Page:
BOSTON — A proposed skyscraper is threatening to throw shade on two of America’s most treasured parks, Boston Common and the neighboring Public Garden, in exchange for a windfall payday for the city.

At issue is whether developers of a proposed $1 billion, 775-foot tower — what would become Boston’s third-tallest building — should be allowed to violate a state law banning buildings from casting shadows over historic parks.

“Hang out and watch people. People seek the sun. If a person is sitting on a bench and a building casts a shadow, they’ll move down the bench into the sun,” said Elizabeth Vizza, executive director of Friends of the Public Garden. “They always chase the sun.”

The 50-acre Boston Common was founded in 1634, making it the country’s oldest city park. It has hosted everything from grazing cows and public hangings to concerts and protests.

The 24-acre Public Garden may be even more treasured, with its human-pedaled swan boats, many tree species and duck-size bronze statues based on Robert McCloskey’s children’s classic, “Make Way for Ducklings.”

City officials say the $153 million that developer Millennium Partners has offered for the city-owned parcel on which the tower would stand would go to parks and affordable housing. The parcel now is home to a crumbling garage several blocks from the common.

For backers, the longer shadows seem a small price to pour millions back into the neighborhoods.

Mayor Martin Walsh already committed $67 million of the money to the Boston Common, Franklin Park — a sprawling 527-acre park in the Jamaica Plain, Roxbury and Dorchester neighborhoods — and the Emerald Necklace, a string of green spaces designed by the famous landscape architect Frederick Law Olmsted.

Another $35 million will be dedicated to upgrading two public housing developments in the South Boston and East Boston neighborhoods.

The proposal has already been approved by the city council but still must win approval from state lawmakers and Republican Gov. Charlie Baker.

Vizza said the deal effectively puts a price on the cost of shadows for future developers looking for exemptions. More sunlight isn’t just good for the trees, she said, but for psyche of thousands of people who visit the parks every day.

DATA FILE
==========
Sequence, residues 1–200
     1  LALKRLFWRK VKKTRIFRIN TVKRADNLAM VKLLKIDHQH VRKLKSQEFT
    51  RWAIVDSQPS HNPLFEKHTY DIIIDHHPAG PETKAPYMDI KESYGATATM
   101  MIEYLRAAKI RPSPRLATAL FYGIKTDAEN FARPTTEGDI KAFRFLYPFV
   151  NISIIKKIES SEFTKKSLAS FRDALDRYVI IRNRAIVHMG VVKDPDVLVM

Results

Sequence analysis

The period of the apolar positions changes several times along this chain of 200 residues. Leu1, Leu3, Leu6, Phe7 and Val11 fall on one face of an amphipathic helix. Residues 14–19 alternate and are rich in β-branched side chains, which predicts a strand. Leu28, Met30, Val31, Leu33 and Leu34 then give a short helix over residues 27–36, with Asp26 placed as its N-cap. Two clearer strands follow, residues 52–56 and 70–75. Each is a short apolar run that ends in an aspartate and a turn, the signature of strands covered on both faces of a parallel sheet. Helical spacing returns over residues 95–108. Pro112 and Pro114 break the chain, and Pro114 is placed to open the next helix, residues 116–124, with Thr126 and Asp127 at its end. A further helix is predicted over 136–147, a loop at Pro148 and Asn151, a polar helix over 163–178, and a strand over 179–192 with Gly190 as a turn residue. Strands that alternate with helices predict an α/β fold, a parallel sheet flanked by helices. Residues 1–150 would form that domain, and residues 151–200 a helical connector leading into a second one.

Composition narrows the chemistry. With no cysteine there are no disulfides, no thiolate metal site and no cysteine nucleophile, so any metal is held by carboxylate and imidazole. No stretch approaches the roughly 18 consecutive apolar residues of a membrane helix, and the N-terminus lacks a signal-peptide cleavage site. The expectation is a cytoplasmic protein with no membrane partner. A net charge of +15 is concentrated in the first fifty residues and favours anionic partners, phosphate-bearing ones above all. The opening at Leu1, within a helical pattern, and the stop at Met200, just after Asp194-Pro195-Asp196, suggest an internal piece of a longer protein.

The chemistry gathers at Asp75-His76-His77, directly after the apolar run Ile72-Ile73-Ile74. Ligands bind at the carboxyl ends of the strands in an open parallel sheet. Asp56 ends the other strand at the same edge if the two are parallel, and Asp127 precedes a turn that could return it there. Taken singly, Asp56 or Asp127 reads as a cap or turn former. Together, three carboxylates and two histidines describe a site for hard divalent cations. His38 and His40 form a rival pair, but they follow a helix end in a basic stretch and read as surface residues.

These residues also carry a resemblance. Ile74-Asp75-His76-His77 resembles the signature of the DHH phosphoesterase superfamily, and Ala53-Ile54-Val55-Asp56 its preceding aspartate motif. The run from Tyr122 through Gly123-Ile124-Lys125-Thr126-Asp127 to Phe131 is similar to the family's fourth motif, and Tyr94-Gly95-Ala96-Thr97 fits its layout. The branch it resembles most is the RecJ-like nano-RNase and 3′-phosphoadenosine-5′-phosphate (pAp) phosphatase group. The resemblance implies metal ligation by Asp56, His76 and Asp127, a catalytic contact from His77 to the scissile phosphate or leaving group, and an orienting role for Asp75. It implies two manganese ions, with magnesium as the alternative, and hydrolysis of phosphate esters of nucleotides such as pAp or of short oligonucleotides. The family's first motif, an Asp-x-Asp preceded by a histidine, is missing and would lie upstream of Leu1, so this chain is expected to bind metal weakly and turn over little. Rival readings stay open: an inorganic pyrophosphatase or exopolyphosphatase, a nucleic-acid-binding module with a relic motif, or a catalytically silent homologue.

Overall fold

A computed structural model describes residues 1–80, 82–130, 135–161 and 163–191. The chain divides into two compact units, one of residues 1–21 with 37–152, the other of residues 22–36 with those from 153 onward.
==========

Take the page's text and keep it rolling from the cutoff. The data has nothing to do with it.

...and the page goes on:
The exemption will violate the shadow law 264 days of the year on the Boston Common, and 120 days on the Public Garden, Vizza said.

Millennium Partners said its simulation shows the longest the tower’s shadow would cover portions of the Boston Common would be for about 90 minutes in the morning in early September. The longest the shadow would cover parts of the Public Garden would be in the morning in late August for about 26 minutes.

Brian Golden, director of the Boston Planning and Development Agency, said the tower poses a unique opportunity because it’s being proposed on a publicly owned parcel in the middle of a dizzying building boom and will replace a dilapidated, condemned structure — all at the cost of what he describes as fleeting morning shadows.

“These are sacred spaces in many ways. We care just as much about protecting those two parks,” he said. “But a fairly insignificant shadow does not harm them in any way, but does unlock the potential of tens of millions for needs across the city.”

Alice Galakatos, a Beacon Hill resident who exercises her 6-year-old Jack Russell terrier, Roxy, on the common, said she’d prefer sun over shadows.

“I’d rather have sun. I’d rather have sun all the time. Who doesn’t like the sun?” said Galakatos, 54.

But Galakatos said she can also see the city’s point of view.

“I’m just thinking of it from my perspective, my point of view coming out here with the dog, but it’s just a little tiny perspective compared to what it brings in” for the city, she added. “I could see how that could balance out. It’s a trade-off.”